So it is as though the Saturn Direct motion, while it was re-visiting in the late spring/summer, produced good results of efforts that had gone before, but it was hard work; then as it moved into ‘Pure Progress’, events moved into a new area and are happening easily.

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Tuesday, September 07, 2010

Eris, Ceres and Pluto: the Chilean Miners and Boarding Schools

Eris, the dwarf planet way out beyond Pluto (and bigger than him) was named and classified about 4 years ago now. She is the mischievous, catalytic sister of Mars, and her first act was to have Pluto demoted to the status of dwarf planet. What a thing to do to the Lord of the Underworld! Pluto has had his revenge, however, for since the initial flurry of interest on the part of astrologers, she has been largely forgotten. Eris has been abducted!

Being way out beyond Pluto, Eris’ movement is very slow: about one degree every few years. She isn’t a personal planet, though as with the other outer planets, the house position is personal (the sign isn’t personal because everyone born at that time has Eris in the same place.) She is currently at 22 Aries, and during August was opposed by Mars. This happens every 2 years, and would seem to me to the sort of time, more than most, when we see the catalytic events she is associated with. The last opposition was in Sept 08, when the financial system began to crack up.

We can’t always have events of that magnitude going on, but how about the Chilean miners, who have been stuck underground since the beginning of August? It has become a huge event in Chile, and major news around the world. Eris, if you like, catalyses an initiation into another realm or another phase. In this case, it is Pluto’s realm: they have been entombed, abducted even (which Pluto is fond of) and will remain so for some months. These men are in an underground (Pluto) prison (Capricorn.) In late October Ceres (whose daughter was abducted by Pluto) will join Pluto and the North Node in early Capricorn. So this story is not going to go away: it is going to gather momentum and significance. The Pluto-Node conjunction will not be exact until late November, around the time that the men are expected to be freed. Or not: it could go either way, astrologically.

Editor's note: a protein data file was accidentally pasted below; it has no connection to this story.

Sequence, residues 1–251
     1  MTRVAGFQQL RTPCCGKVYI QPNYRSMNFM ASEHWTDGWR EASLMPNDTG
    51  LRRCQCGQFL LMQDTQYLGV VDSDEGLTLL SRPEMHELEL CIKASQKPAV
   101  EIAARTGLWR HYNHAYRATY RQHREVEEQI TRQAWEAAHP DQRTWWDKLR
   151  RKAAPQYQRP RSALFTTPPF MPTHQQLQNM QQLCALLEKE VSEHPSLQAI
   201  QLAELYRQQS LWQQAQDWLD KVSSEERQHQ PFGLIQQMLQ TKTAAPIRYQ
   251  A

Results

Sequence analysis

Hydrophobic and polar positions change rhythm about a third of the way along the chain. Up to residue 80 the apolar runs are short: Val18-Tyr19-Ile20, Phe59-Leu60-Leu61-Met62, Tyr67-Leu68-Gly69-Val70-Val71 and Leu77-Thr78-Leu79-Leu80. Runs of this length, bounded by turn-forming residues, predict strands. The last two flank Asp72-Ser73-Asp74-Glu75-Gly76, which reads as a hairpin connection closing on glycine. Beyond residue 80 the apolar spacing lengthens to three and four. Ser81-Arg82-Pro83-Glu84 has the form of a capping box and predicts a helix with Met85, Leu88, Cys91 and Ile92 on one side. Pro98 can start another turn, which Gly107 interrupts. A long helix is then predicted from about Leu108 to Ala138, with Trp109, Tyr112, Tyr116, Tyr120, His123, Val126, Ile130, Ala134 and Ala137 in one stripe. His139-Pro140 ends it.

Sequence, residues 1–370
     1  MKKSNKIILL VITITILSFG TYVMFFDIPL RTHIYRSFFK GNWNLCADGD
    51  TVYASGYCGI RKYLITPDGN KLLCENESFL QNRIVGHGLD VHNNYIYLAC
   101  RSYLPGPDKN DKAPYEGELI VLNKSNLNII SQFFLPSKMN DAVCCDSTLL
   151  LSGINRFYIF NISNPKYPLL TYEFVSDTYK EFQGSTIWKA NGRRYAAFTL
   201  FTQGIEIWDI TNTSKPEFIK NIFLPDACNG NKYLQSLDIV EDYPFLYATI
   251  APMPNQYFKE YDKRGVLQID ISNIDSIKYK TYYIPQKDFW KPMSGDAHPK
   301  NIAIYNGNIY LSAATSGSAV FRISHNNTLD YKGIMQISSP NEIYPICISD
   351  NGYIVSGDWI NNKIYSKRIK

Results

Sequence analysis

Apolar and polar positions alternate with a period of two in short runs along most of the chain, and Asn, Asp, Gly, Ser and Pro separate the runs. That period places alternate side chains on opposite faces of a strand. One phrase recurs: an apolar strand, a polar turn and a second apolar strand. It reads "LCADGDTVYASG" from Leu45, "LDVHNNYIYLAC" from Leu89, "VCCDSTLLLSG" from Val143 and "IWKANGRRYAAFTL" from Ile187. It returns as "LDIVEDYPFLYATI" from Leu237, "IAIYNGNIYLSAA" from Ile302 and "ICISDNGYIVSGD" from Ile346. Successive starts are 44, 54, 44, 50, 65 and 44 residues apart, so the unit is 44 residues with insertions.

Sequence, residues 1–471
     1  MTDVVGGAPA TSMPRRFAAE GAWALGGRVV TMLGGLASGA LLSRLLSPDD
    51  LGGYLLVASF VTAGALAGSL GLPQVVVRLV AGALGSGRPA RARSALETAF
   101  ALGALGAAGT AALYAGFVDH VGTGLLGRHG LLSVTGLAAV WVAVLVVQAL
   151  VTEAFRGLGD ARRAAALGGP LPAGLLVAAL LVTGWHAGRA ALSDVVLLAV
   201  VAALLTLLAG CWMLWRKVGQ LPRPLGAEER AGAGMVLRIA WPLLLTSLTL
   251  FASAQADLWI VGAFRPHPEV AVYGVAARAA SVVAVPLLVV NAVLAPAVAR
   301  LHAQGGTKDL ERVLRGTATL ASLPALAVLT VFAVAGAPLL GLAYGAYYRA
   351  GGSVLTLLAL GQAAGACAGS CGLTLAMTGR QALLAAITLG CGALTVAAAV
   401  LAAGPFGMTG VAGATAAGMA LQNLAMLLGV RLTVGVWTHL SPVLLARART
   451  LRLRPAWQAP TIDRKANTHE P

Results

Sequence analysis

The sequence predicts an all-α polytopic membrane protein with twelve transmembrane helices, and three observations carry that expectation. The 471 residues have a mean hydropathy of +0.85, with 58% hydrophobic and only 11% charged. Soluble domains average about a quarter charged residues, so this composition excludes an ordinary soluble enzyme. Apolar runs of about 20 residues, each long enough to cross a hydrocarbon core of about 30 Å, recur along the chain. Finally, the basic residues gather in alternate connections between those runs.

Ceres is on the approach to a conjunction with Pluto, and just today the papers announced the publication of the full story of Natascha Kampusch, who was abducted as a young girl in Austria and kept underground for many years by her captor until she finally escaped.

The classic mythological abduction story is of Pluto and Persephone, daughter of Ceres/Demeter. Pluto brought her to his lair, and raped/married her. Ceres, a nature goddess, was distraught, not knowing where her daughter was, and the land turned to winter. Eventually she found her, but the deal was that Persephone would only return for 6 months of the year. She would spend the other 6 months with Pluto. Thus arose the seasons of summer and winter respectively, expressive of Ceres’ joy at Persephone’s return, and sorrow at her loss.

In the process Persephone grows up, and so does Ceres as a mother. The idyllic world of childhood is over for both of them, forced on them by the reality principle of Pluto. And this reflects 2 ways we can see Ceres in the chart: the nature of the nurture we received as children and then later, as Ceres grows up, our capacity to nurture others.

A friend pointed out recently that you could see the English boarding school system (of which I am a product) as an abduction by Pluto. As in the myth, you get to spend part of the time at home, and part of it in Pluto’s realm, the boarding school.

Pluto’s function in the myth is transformative, evolutionary, to take you from one stage of life to the next. Persephone was ready for this shift, whether or not she knew it, being at the end of girlhood. And the function of boarding schools is the same: to move you to the adult world, in this case a very particular one based around the achievement of wealth and status. So that twists the myth. What twists it further is that the abduction takes place often around the age of 8, years before the children are ready to leave the world of family. (I have an unaspected Ceres, and Moon conjunct Saturn!)

If there is going to be an abduction, I think it needs to be around the age of 14-15, when the first Saturn opposition takes place. Saturn introduces us to learning about the demands of the world: about discipline, responsibility, money, about becoming good at what you do, and about being measured against others. The first Saturn opposition takes place around the time that the first progressed Moon opposition takes place, which is a neat coincidence, or not: the beginning of the end of childhood (prog Moon cycle) coinciding with the beginning of demands from the adult world (Saturn cycle.)